He played the bulk of this season on a line with two highly skilled players in Patrick Kane, the league-leader in points with 106, and Artemi Panarin, named as a Calder Trophy finalist on Monday.

    Prior to his surgery, Anisimov was named to Russia’s preliminary roster for the upcoming World Cup of Hockey, although the recovery schedule should allow plenty of time for Anisimov to be physically ready for the tournament when it begins in September.

    Related: Three major challenges facing the Chicago Blackhawks, who won’t be champs in 2016

    With Letang suspended, Schultz out to ‘prove a lot of people wrong’ if he gets the call in Game 4

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    The Pittsburgh Penguins may hold a 2-1 series lead over the rival Washington Capitals, but they will be without defenseman Kris Letang for a pivotal Game 4 on Wednesday.

    Perhaps for the Capitals, the absence of Letang — suspended one game for a high, late hit on Marcus Johansson in Game 3 — on the Penguins blue line can provide an opportunity to help swing the series back in their favor heading to Washington and home ice in Game 5.

    “He’s the backbone of their defense,” Capitals blue liner Karl Alzner told CSN Mid-Atlantic.

    “He goes back for pucks and gets them out of his zone with a pass or a flip. He transitions the puck and logs key minutes on their PP.”

    In addition to seven points in eight games this post-season, which puts him into a tie for third among defensemen in the playoffs, Letang is also among the leaders in ice time, averaging 29:13 per game.

    So yes, that’s a significant loss at this juncture of the series, even if for one game.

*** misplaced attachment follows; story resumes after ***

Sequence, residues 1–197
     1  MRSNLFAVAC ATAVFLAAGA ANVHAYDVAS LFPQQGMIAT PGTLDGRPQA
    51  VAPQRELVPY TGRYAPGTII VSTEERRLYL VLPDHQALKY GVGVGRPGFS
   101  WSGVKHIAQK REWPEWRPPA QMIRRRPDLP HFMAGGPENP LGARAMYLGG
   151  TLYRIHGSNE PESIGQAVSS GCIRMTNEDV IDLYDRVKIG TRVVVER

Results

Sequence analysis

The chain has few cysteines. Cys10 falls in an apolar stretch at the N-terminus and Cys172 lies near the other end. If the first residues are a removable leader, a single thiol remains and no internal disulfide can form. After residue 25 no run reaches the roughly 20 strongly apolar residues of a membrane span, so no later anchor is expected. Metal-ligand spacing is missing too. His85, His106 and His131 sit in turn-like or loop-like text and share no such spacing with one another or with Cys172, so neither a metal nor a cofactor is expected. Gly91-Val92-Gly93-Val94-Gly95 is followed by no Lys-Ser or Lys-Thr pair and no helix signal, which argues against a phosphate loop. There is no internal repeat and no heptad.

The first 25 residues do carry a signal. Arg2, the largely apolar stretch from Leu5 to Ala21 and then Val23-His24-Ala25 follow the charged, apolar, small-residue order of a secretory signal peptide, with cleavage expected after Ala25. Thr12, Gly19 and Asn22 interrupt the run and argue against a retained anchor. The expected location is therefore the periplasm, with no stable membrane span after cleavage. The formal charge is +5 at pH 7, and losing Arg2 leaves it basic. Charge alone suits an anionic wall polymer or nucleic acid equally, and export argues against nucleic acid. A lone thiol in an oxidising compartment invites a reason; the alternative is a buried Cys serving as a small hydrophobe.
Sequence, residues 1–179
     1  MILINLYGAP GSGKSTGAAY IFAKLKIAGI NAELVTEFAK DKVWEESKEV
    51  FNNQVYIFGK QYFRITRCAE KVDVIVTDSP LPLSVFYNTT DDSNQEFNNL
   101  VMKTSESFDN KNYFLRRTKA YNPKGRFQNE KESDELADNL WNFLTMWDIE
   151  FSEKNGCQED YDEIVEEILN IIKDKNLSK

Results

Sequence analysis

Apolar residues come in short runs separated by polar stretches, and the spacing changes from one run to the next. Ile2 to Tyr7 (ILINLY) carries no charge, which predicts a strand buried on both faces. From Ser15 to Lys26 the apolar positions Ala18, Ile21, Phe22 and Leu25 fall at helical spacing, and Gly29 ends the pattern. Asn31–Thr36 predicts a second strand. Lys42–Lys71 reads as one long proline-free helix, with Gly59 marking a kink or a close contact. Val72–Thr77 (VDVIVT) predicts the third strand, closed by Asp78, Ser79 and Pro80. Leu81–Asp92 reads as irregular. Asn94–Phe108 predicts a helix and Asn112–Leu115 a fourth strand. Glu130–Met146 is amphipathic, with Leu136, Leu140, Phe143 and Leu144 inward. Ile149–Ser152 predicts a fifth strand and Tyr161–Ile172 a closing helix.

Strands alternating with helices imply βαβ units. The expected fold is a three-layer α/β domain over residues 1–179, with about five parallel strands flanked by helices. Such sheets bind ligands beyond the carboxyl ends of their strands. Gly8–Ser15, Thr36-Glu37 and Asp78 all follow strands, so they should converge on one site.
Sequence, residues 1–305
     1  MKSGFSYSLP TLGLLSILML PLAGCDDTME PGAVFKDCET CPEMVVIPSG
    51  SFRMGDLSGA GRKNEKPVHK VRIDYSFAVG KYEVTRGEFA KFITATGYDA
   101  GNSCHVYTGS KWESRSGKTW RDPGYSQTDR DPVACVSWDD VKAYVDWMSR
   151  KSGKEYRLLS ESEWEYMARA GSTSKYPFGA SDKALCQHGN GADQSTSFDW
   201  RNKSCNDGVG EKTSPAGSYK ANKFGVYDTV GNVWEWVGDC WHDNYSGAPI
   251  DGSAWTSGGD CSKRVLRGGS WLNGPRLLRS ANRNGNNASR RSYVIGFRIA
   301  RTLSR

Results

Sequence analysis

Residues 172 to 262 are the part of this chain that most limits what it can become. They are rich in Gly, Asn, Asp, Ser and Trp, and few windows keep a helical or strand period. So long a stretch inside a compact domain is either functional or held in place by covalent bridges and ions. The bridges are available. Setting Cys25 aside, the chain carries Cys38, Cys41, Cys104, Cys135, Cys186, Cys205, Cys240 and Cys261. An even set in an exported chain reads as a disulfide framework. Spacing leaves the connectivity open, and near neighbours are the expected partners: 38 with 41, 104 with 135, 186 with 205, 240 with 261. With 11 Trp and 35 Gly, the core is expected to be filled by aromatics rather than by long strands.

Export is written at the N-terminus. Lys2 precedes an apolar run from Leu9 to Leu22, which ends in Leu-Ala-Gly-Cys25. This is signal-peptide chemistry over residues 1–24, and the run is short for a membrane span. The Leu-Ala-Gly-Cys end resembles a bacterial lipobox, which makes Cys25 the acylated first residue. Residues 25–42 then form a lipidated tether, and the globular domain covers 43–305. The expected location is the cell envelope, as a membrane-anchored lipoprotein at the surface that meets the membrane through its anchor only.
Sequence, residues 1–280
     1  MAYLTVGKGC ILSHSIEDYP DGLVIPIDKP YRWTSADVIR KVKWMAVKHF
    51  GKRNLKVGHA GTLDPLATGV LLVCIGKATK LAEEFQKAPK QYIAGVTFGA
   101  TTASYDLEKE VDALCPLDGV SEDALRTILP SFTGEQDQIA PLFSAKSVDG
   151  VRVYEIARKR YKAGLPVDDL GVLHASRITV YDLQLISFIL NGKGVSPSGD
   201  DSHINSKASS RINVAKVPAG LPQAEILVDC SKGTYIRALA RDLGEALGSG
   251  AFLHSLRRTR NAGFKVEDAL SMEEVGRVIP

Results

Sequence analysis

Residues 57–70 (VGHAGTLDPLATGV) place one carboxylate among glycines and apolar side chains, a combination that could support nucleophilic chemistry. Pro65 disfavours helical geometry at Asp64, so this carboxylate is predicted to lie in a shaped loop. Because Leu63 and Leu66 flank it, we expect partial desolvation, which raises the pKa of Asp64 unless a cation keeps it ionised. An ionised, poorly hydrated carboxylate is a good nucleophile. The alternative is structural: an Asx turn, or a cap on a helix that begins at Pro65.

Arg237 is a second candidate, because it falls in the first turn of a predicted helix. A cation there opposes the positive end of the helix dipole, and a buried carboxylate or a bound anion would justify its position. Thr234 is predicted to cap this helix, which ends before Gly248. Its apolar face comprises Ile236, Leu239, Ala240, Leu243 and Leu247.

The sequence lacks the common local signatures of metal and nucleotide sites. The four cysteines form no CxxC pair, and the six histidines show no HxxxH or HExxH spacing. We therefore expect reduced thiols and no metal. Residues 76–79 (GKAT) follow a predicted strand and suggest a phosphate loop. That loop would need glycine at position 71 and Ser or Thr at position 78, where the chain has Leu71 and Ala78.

The Penguins were already without Olli Maatta for Game 3. He was injured on that late, high hit from Brooks Orpik. That forced Derrick Pouliot into the lineup for Pittsburgh. The 25-year-old Justin Schultz, who the Penguins acquired from Edmonton earlier this season, figures to be next in line for Pittsburgh with Letang out.

    Schultz entered the league with plenty of hype surrounding him, billed as a dynamic offensive defenseman. But nothing seemed to pan out for him in Edmonton, there were growing concerns about his play in his own end, and his time there ended with a trade prior to the deadline.

    This could mean added minutes, too, for Trevor Daley, who played 22:20 in Game 3.

    Between Pouliot and Schultz, they have a combined two games worth of Stanley Cup playoff experience.

    Video: Letang suspended one game for late hit with ‘significant head contact’ on Johansson

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    The National Hockey League has suspended Pittsburgh Penguins defenseman Kris Letang one game for a high, late hit on Washington Capitals forward Marcus Johansson during Game 3.

    The incident occurred late in the first period of Monday’s game, as Johansson had passed the puck off after entering the Pittsburgh zone. Letang was given a minor penalty for interference.